You and your dear old friend’s girlfriend will drive to your townhouse on Ebony Avenue. You will sit together on the newly laid blue-gray industrial carpet for the next two hours and listen to music while talking. Let yourself feel a little taken aback—but also a little emboldened—when your dear old friend’s girlfriend tells you that sheevan ’ always found you attractive. Muster the courage to tell her that you’ve always found her attractive. You’ll agree with her that that’s just great. For the next hour, the two of you will talk about how you both love your dear old friend so, so much. But, eventually, you’ll work back around to talking about finding each other attractive. And you’ll agree that it’s unfortunate you can’t do anything about it, all because of your dear old friend.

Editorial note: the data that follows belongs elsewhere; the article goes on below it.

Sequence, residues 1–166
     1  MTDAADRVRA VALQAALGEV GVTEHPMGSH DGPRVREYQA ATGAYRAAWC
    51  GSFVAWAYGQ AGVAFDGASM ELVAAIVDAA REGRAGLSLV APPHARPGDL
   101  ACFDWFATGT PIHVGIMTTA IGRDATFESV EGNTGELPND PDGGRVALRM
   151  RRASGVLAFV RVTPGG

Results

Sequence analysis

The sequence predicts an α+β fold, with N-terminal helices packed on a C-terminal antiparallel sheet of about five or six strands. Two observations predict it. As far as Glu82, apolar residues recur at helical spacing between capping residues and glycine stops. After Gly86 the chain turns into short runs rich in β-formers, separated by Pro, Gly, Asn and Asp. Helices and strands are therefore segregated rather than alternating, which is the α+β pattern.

At this point, you’re going to be feeling very strongly that you’re the type of person who, throughout the entirety of his life, has never felt himself able to, in your words, “make your first proverbial move”; a person who’s never once in his life been able to be the first of two people who desire one another to kiss the lips or hold the hand of the other. And you’re going to feel this way because it’s true. You’ve never done that before. However, just like it hasn’t been necessary “maybe a dozen or even a baker’s-dozen times in my life”―those are your words―making your first proverbial move won’t be necessary this time, either. And that will feel especially strange in this instance because you and your dear old friend’s girlfriend both love your dear old friend so, so much. But, in fact, it won’t be strange at all. Because your shared love for your dear old friend is the same thing that had increased your desire toward one another such that you didn’t have to make your first proverbial move. You’re going to feel as if you did that on purpose—that you had deliberately spoken lovingly of your dear old friend merely for the purpose of wooing his girlfriend. Or, in your words, of “stealing his girlfriend.” But it won’t matter whether you did or you didn’t. You only need to feel like you did.